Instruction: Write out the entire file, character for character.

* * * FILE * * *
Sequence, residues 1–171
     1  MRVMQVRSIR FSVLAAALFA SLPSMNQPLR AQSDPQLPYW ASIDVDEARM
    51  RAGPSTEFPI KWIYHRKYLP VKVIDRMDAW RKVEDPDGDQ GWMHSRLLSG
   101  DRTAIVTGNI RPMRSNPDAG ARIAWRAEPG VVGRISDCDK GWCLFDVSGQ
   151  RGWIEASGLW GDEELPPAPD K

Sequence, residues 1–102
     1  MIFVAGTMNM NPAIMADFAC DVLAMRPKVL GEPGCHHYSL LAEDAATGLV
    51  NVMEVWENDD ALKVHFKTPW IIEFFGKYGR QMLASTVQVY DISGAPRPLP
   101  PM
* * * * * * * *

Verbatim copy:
Sequence, residues 1–171
     1  MRVMQVRSIR FSVLAAALFA SLPSMNQPLR AQSDPQLPYW ASIDVDEARM
    51  RAGPSTEFPI KWIYHRKYLP VKVIDRMDAW RKVEDPDGDQ GWMHSRLLSG
   101  DRTAIVTGNI RPMRSNPDAG ARIAWRAEPG VVGRISDCDK GWCLFDVSGQ
   151  RGWIEASGLW GDEELPPAPD K

Sequence, residues 1–102
     1  MIFVAGTMNM NPAIMADFAC DVLAMRPKVL GEPGCHHYSL LAEDAATGLV
    51  NVMEVWENDD ALKVHFKTPW IIEFFGKYGR QMLASTVQVY DISGAPRPLP
   101  PM